The Ferris Collection of Prints
The Museum’s Graphic Arts Collection, the oldest print-collecting unit in the Smithsonian, focuses on the technical and social history of printmaking to document how prints are made and used. Smithsonian art museums collect works on paper selected for aesthetic reasons, but the National Museum of American History (formerly the Museum of History and Technology) takes a broad view of visual culture.
Our prints illustrate technical developments and cultural changes. They represent all kinds of graphic works that have influenced American society. The collection has always included examples from many periods and countries, fine-art prints as well as popular and commercial graphic art, together with the plates, blocks, and tools used to produce prints. In 1996 the Museum presented an exhibition on 150 years of Smithsonian print collecting, Building a National Collection.
One of the largest print collections ever received by the Smithsonian was donated by the Ferris family between 1927 and 1932. Stephen James Ferris (1835–1915), a Philadelphia painter and etcher, collected over 2,000 European and American prints, both reproductive and original, representing old master and contemporary printmakers. The collection incorporated a variety of artistic subjects, compositions, and styles. Ferris may well have mined it for inspiration for his own work, but he was also deeply interested in art for its own sake. He and his family and friends would have simply enjoyed studying the images.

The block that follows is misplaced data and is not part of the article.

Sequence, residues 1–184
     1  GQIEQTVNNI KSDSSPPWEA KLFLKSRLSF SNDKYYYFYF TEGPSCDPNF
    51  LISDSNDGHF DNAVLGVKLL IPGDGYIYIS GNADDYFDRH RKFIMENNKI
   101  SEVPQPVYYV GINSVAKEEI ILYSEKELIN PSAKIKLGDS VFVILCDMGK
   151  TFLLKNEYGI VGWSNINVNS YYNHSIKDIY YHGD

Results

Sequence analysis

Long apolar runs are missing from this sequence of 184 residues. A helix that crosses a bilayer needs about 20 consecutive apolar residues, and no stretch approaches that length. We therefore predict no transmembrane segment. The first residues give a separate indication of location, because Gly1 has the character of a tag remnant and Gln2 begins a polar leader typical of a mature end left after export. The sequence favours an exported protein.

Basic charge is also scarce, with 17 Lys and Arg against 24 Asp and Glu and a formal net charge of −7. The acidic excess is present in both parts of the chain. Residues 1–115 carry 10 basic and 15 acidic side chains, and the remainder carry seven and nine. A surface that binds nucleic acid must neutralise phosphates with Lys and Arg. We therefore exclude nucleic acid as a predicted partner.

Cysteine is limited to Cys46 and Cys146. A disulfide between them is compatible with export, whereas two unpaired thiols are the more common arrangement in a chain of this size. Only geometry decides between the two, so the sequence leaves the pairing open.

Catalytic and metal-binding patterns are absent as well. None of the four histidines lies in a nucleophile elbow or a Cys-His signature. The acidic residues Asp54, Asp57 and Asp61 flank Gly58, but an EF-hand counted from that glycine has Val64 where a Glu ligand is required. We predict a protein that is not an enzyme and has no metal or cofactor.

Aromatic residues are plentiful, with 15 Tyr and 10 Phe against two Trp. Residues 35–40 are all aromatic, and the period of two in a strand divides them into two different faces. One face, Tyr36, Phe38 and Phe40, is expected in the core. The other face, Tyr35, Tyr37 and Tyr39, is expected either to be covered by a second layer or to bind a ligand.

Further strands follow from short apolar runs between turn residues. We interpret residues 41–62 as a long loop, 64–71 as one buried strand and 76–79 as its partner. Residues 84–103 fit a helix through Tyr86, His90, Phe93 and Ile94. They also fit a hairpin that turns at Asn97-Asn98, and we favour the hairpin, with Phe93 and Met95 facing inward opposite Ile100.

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"The Ferris Collection of Prints - Introduction" showing 1 items.
- Thomas Moran etched this view of a mission church in New Mexico in 1881 after a photograph by friend and traveling companion William Henry Jackson (1843–1942). Moran had met Jackson in 1871 on Ferdinand V. Hayden’s Yellowstone expedition, the first government-sponsored survey of that area. Jackson and Moran worked side by side recording views. While Moran’s paintings of the West made his reputation, fewer than one-fifth of his etchings depict Western or Mexican scenes. His signature “TYM” at lower left stands for Thomas “Yellowstone” Moran.
- The church shown in this print was replaced by a stone building in the early 20th century, and the San Juan Pueblo recently changed its name to Ohkay Owingeh Pueblo. It lies twenty-five miles north of Santa Fe.
- Currently not on view
- Date made
- Associated Date
- graphic artist
- Moran, Thomas
- Jackson, William Henry
- ID Number
- catalog number
- accession number
- Data Source
- National Museum of American History, Kenneth E. Behring Center